A s the first offering from the software offshoot of Steven Spielberg and Jeffery Katzenberg's new company, this odd little disk suggests there's some weirdness in those billionaires yet. Like a hybrid of Gumby, Tim Burton, and The Cabinet of Dr. Caligari, the game presents us with a world made of clay, inhabited by creatures made of the same. In fact, the main character and the species he comes from are both called Klaymen. No singular, no plural; the whole environment is brightly colored clay. The game starts when the player clicks Klaymen awake--like a golem, almost--and maneuvers him out of his room. Next Klaymen confronts his first puzzle: a Venus Flytrap with a seemingly locked door on the other side. There are few of the usual interface gimmicks that typically guide puzzle/quest games here, although the manner in which Klaymen keeps "inventory"--he opens his chest to store found items--is fairly cool.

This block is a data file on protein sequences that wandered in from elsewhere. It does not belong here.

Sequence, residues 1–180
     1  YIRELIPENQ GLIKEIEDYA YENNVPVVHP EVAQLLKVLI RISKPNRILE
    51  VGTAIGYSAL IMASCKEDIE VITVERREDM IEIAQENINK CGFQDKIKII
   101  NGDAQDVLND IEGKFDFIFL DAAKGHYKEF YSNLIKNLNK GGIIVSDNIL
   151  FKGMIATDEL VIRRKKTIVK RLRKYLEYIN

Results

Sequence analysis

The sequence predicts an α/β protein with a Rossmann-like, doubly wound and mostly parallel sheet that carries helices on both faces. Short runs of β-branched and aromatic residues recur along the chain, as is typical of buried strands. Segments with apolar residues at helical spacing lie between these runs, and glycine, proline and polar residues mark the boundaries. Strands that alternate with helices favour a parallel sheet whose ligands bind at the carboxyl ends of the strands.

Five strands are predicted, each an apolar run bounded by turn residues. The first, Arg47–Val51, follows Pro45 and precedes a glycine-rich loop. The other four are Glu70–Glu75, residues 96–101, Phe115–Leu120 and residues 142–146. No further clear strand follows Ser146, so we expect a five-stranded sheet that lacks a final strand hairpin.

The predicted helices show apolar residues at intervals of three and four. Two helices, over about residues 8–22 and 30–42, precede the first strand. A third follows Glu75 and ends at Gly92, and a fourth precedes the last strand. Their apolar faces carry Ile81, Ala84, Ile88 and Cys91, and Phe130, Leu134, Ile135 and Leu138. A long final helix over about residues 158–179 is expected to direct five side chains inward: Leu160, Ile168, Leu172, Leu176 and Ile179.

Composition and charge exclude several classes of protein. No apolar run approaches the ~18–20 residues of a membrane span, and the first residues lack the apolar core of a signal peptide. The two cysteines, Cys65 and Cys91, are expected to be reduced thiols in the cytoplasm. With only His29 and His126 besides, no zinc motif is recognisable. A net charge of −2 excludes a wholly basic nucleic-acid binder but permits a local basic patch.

Yet The Neverhood is really more story than game. In an attached "Making of" file, one of the Neverhood's creators says--with a straight face--that the narrative is inspired by the Bible and its creation myth. Somewhat like Adam, the player has to figure out the point of being in this land in the first place. And something like a god, the player also gets to dabble in morality, myth, history, and the like; the quest leads as much inward as "further."
The game is a little like Myst, though funkier-looking; there's an apocalyptic past, and dark forces allied against the silent hero. On the other hand, unlike Myst, it's also pretty silly. I haven't made any impressive progress yet but it's a lot more fun getting stumped in this mystery than it is with any other digital toy.